HMV, the music giant currently mired in administration and searching for a buyer, will "find a successful business outcome" insists the company's boss Trevor Moore.

HMV, which is 92 years old and famed for its iconic logo of a dog sitting next to a gramophone, struggled to adapt to changing consumer habits and intense competition from the rise of online retail behemoths such as Amazon. It has been in steady decline for several years.

Its tumble into administration puts 230 stores and about 4,500 jobs at risk. However Moore says "the intention is to continue to trade the stores."

Moore joined HMV from digital photography specialist Jessops, which encountered its own difficulties in a technologically advancing world and was forced to shut up shop.

Swiss investment bank UBS, HMV's biggest shareholder with a 10 percent holding, declined to comment.

Henderson Global Investors, HMV's second largest shareholder at 8 percent, did not respond to IBTimes UK's request for comment.

Another significant shareholder is Channel Trustees Ltd, owned by the Russian oligarch Alexander Mamut, which holds 6 percent of HMV stock.

When Mamut increased his stake in HMV in January 2011 there was speculation that he was interested in a takeover bid for the retailer. In April that year, HMV sold off book retailer Waterstones to Mamut for £53m.

HMV also sold off its entertainment business, which included festivals such as Lovebox and entertainment venue the Hammersmith Apollo.

"The question now on everyone's mind is who can benefit the most out of HMV's collapse," said ETX Capital's Ishaq Siddiqi in an email to IBTimes UK.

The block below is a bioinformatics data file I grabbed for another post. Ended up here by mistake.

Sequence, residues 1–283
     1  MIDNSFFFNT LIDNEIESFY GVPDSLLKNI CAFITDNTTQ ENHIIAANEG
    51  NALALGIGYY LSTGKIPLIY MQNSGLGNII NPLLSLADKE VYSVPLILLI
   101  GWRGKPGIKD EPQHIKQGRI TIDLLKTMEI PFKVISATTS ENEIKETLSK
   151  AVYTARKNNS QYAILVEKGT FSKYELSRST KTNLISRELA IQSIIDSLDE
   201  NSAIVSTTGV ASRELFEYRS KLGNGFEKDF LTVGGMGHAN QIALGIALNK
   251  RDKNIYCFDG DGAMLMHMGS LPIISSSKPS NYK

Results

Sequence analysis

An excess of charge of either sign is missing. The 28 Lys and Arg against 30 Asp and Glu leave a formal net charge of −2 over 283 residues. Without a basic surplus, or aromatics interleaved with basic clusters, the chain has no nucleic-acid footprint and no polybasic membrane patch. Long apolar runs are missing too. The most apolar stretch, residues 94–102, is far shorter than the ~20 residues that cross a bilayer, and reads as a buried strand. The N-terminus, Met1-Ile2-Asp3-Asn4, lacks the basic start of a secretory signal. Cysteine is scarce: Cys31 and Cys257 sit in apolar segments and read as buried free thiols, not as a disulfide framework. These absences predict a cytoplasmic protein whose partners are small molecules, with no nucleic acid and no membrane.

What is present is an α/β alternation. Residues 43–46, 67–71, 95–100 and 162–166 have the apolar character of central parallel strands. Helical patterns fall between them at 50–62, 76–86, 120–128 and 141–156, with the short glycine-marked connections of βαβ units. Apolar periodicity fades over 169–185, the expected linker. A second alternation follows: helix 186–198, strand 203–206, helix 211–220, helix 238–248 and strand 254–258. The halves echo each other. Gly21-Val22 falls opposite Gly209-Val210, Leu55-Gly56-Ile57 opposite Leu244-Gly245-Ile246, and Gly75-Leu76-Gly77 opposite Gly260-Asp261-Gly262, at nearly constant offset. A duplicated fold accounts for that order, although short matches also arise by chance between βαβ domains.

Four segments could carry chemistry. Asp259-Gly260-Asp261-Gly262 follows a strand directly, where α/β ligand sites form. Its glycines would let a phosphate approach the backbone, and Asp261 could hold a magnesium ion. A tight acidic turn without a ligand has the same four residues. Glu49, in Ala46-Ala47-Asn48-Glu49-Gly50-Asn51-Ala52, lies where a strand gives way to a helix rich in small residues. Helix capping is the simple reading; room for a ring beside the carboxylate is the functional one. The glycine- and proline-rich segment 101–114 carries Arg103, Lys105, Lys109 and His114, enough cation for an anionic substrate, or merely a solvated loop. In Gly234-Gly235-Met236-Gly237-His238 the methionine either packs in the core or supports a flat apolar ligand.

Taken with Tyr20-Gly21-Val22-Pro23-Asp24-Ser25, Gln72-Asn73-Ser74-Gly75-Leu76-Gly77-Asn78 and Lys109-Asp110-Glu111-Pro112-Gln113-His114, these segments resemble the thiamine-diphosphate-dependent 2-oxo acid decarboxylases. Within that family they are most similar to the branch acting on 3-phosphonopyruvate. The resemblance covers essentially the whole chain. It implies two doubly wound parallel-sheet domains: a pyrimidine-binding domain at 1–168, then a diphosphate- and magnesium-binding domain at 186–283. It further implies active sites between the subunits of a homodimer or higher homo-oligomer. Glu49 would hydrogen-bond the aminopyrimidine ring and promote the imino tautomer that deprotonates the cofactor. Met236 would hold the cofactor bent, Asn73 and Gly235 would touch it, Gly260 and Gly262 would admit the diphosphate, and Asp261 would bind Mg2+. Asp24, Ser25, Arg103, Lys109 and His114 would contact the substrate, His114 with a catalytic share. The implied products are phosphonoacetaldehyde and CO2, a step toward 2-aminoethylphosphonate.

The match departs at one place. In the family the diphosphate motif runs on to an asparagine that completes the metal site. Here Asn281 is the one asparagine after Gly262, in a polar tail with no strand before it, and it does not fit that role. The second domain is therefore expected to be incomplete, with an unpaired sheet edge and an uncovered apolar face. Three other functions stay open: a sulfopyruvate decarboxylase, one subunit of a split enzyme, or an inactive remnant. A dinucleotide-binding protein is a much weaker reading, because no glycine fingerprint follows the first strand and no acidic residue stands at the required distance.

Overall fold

"Amazon is a candidate - the cash-rich online retail giant may be attracted to HMV's assets such as stores, brand reputation and international operations.

"It would be a cheap strategic fit for Amazon but HMV's high net debt of around £175m is enough to put any buyer off.

"It's possible for a private equity firm to eye HMV but with a business model which is dated and essentially dead, difficult to see how buyers can extract value and growth from HMV."

Siddiqi said it was most likely to follow the same path as Woolworths, the department store which was a ubiquitous presence on British high streets before its 2009 decline, as it is "now a pure multimedia and electrical accessory retailer after selling its events business and Waterstones which ironically had a respectable Christmas sales period".

Julie Palmer, partner at Begbies Traynor, said it "remains to be seen what proportion of the HMV estate can be salvaged, with record and film companies keen to maintain a high street portal for hard copy sales."